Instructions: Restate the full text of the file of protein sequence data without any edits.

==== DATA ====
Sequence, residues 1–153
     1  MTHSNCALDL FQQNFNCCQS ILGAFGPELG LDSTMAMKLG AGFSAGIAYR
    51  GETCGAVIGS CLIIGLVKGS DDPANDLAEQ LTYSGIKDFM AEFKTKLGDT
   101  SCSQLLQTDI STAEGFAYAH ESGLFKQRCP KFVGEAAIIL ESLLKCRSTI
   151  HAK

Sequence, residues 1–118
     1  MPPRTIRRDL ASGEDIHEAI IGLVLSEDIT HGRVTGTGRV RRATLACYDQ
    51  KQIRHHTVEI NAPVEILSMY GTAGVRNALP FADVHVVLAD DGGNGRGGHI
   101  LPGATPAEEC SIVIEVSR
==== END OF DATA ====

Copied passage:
Sequence, residues 1–153
     1  MTHSNCALDL FQQNFNCCQS ILGAFGPELG LDSTMAMKLG AGFSAGIAYR
    51  GETCGAVIGS CLIIGLVKGS DDPANDLAEQ LTYSGIKDFM AEFKTKLGDT
   101  SCSQLLQTDI STAEGFAYAH ESGLFKQRCP KFVGEAAIIL ESLLKCRSTI
   151  HAK

Sequence, residues 1–118
     1  MPPRTIRRDL ASGEDIHEAI IGLVLSEDIT HGRVTGTGRV RRATLACYDQ
    51  KQIRHHTVEI NAPVEILSMY GTAGVRNALP FADVHVVLAD DGGNGRGGHI
   101  LPGATPAEEC SIVIEVSR